OF THE PEOPLE

Incentives will speed arrival of quality e-government

Ira Hobbs

Perhaps the most compelling vision for electronic government, besides allowing customers to conduct business 24 hours a day, is that government will be able to provide citizens with programs and services specific to each individual's need, rather than that of individual departments. The goal of e-government is to transcend traditional organizational boundaries and provide customers with true, one-stop shopping online.

Achieving this vision will be difficult for many reasons: lack of funding, turf wars, rapidly changing information technology and the need for more expertise and leadership inside and outside government.

The Agriculture Department has been working on the one-stop shopping concept for customers since before the Internet was popular. USDA's vision is for farmers, ranchers and rural citizens to one day be able to find all the information they need and apply for any program or service they require at a single, online location. Customers should not be concerned with which agencies are involved. Processes and systems would be integrated throughout USDA and give customers a seamless experience.

In fact, this vision extends beyond Agriculture. You can find it at the Environmental Protection Agency and other federal and nonfederal agencies.

Firstgov.gov is an ambitious effort to bring all government information together in one online location. So far, the site has 30 million Web pages of government information. Other sites, such as students.gov, recreation.gov, seniors.gov and disasters.gov, are sites under development that will gather information from several agencies geared toward users' interests.

A more recent example is the announcement by the Federal Acquisition Regulation Council last month that the FedBiz-Opps.gov Web site will be the single point of entry for governmentwide procurement opportunities with the start of fiscal year 2002.

These initiatives are the first steps toward an e-government that will be far more efficient, cost effective and citizen-oriented than the organizational silos that exist today.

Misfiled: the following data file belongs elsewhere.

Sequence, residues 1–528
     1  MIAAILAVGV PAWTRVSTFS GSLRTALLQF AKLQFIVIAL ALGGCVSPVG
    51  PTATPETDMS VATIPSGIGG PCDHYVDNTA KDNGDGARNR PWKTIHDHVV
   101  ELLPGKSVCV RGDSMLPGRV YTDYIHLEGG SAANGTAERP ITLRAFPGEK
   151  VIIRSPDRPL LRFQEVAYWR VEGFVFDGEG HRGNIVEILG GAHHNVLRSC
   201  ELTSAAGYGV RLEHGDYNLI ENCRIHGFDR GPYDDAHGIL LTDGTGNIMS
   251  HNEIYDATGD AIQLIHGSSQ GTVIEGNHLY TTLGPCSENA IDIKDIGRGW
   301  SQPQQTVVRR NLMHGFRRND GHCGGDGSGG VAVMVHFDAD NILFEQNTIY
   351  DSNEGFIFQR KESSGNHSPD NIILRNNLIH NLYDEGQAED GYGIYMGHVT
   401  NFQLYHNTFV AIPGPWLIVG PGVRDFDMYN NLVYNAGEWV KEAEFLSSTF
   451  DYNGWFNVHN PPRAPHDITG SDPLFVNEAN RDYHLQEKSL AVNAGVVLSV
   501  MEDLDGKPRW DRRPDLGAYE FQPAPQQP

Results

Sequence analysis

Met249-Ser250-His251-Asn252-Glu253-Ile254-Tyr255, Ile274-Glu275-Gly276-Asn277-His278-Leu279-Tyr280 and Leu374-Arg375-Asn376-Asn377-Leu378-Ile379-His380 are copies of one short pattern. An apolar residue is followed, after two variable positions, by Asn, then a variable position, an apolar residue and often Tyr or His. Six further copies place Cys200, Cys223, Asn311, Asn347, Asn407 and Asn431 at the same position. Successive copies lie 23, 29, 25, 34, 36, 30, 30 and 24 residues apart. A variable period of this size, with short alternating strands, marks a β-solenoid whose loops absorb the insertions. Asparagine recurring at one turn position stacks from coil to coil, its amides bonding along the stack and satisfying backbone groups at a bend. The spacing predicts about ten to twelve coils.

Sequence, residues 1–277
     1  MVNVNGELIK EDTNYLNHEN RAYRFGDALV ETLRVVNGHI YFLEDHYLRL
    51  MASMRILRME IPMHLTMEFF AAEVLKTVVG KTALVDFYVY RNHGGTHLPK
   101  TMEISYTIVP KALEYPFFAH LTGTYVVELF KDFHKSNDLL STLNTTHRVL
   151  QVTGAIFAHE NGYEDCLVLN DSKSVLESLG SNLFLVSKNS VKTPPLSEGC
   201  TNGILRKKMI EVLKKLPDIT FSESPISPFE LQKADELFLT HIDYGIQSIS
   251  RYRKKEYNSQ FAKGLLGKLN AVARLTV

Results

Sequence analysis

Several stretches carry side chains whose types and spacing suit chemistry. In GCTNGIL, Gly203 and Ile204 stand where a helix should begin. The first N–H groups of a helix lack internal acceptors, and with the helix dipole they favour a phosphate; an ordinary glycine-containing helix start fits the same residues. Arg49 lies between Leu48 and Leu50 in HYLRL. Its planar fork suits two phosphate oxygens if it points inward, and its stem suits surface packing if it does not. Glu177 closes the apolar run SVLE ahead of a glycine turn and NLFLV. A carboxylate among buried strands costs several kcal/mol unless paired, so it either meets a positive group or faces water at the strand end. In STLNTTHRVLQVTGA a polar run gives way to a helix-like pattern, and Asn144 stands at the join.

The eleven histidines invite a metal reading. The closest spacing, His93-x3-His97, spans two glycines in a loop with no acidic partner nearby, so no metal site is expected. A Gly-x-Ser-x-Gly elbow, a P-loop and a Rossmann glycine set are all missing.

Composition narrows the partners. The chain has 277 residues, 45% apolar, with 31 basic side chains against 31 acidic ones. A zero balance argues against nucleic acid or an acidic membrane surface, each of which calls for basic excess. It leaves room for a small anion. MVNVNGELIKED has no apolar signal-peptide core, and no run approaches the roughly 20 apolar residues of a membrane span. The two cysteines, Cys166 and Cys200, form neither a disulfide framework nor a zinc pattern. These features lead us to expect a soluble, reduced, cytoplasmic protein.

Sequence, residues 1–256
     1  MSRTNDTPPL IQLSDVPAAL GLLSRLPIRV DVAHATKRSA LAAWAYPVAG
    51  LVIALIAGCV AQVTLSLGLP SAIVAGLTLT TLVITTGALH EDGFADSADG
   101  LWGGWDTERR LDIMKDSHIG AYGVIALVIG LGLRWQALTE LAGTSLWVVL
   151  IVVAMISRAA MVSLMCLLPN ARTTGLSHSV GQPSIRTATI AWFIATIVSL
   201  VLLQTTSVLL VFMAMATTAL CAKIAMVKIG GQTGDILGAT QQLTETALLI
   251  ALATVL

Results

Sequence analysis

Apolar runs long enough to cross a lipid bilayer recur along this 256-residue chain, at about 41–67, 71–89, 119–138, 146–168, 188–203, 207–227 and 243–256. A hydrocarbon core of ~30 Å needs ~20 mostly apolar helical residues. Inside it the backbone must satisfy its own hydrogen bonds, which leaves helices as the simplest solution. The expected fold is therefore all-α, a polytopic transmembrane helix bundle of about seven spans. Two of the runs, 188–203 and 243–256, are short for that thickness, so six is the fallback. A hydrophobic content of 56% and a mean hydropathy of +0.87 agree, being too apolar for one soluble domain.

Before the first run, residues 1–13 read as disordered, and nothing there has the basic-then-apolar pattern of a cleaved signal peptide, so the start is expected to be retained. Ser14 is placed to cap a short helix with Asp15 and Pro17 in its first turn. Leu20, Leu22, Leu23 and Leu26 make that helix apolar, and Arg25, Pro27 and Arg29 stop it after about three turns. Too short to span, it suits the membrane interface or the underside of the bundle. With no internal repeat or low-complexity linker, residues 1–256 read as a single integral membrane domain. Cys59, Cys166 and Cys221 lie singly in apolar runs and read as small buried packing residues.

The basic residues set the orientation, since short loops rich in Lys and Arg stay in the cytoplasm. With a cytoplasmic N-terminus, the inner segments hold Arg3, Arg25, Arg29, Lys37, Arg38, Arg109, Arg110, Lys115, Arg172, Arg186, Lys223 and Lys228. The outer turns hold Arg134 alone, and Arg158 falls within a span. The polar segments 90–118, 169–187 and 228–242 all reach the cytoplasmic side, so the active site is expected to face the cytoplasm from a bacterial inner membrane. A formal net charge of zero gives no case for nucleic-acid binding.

Even so, the sites I mention are only first steps. It remains to be seen how fast other significant steps will come. As compelling as the vision of e-government is, the reality is that we have a very long way to go before government is fundamentally changed. In most cases, agencies will continue to put programs and services online that are divided by the same boundaries that exist today, and to heck with the citizens. I say this, in part, because the cross-agency and intra-agency coordinating and collaborating required to fully integrate service delivery demands vastly different incentives than those driving agency managers today. We need budget reform to support cross-agency initiatives.

But unless and until federal managers earn recognition for more collaborative, cross-agency programs, expect them to spend their time working inside their organizational silos. As long as performance measures are program- and agency-specific, most managers will feel compelled to focus internally, even though their agencies and their customers would clearly benefit from the results of efficient collaborations.

Put as simply as possible, incentives for agency managers and employees must be revised to align with the vision of integrated service delivery for e-government. Congress and the Bush administration, too, must take part in creating those incentives.

Ira Hobbs is acting chief information officer at the Agriculture Department and a member of the CIO Council.

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